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Problem Solving

92 STASHED IDEAS

Many people want there to be a single right answer to ethical questions. They find moral ambiguity hard to live with because they genuinely want to do the 'right' thing, and even if they can't work out what that right thing is, they like the idea that 'somewhere' there is one right answer.

But often there isn't one right answer - there may be several right answers, or just some least worst answers - and the individual must choose between them.

For others moral ambiguity is difficult because it forces them to take responsibility for their own choices and actions, rather than falling back on convenient rules and customs.

Christopher C. (@christopher_gc) - Profile Photo

@christopher_gc

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Problem Solving

bbc.co.uk

Clutter, whether physical, mental or spiritual, can be distilled down to delayed and postponed decisions and the constant procrastination going on in our lives.

Take the physical paper files and email cluttering our office (or home) and our computers. Each email or piece of paper needs a decision we are not willing to make, postponing it and filing it away.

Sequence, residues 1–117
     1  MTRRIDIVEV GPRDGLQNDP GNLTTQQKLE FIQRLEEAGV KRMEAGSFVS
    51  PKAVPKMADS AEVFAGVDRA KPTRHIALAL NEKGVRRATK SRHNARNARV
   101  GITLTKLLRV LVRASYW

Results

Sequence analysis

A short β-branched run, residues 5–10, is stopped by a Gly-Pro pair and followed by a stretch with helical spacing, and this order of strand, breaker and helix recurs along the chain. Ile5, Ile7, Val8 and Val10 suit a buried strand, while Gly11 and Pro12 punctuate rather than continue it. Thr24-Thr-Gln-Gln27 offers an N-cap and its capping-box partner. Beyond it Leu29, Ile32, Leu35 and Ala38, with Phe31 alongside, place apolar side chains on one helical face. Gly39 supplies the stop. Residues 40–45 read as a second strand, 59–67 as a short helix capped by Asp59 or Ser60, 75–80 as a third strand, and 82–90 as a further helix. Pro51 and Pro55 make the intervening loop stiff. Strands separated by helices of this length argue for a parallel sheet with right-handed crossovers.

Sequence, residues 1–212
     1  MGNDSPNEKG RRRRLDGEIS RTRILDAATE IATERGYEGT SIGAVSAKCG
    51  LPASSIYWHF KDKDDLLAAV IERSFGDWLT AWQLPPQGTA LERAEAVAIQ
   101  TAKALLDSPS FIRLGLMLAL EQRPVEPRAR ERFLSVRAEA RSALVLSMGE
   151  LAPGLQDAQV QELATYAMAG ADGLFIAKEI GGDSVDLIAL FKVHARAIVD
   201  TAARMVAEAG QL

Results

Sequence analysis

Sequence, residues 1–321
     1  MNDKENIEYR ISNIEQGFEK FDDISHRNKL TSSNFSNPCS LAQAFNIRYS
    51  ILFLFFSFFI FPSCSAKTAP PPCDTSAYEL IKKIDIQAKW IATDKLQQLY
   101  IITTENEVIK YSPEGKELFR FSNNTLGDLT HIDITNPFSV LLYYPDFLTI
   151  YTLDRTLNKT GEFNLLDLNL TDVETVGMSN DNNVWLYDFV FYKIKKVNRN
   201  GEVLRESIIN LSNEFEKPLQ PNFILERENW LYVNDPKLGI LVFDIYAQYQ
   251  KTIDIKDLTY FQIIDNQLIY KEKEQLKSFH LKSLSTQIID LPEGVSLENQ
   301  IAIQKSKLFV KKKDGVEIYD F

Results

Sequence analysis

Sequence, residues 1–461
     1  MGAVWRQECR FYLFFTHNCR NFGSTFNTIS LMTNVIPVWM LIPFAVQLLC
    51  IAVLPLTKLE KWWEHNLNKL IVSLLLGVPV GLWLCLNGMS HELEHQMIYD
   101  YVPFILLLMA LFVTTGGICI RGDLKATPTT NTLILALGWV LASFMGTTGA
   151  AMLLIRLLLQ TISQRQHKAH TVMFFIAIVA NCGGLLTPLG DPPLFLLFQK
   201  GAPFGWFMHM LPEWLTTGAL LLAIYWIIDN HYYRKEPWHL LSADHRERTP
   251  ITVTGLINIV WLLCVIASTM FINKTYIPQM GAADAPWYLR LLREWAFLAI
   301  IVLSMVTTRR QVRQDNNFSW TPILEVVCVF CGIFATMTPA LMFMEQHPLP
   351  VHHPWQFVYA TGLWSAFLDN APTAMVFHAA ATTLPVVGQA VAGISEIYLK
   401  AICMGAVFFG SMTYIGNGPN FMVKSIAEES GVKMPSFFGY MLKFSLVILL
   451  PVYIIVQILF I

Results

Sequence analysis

• A compelling reason to be productive can increase the intensity. Big ambitions can also inspire greater productivity. It is one reason why we should set big goals.
  • Working harder in bursts. Cycles of productivity are natural. If we recognise the existence of energy cycles, we can use them by relaxing in the slower phases.
  • Working on systems can make effort easier. We can make tasks easier by limiting alternatives. Reading books on your phone is much easier if you don't have Instagram next to it.

People look for experienced professionals in senior job roles with extreme levels of responsibility because they know that when there is no time to think about the process, and a split-second action or decision has to be made, only real experience counts.

Example: A pilot who has never stalled a plane and then recovered would not know the pressure, time and space that is necessary to make the split-second judgement.

An important lesson from history is that big events are more complicated. It makes forecasting difficult, politics nasty, and lessons to learn from it harder.

We may demand simple answers to explain outlier events. However, it's almost impossible for something big to happen because of one event, person, or group. Unrelated things often culminate into something significant. For example, the Great Depression was the result of a stock market crash, a banking crash, a real estate bubble, an agricultural disaster, and an inadequate policy response. When all these things happened at the same time, it was a catastrophe.

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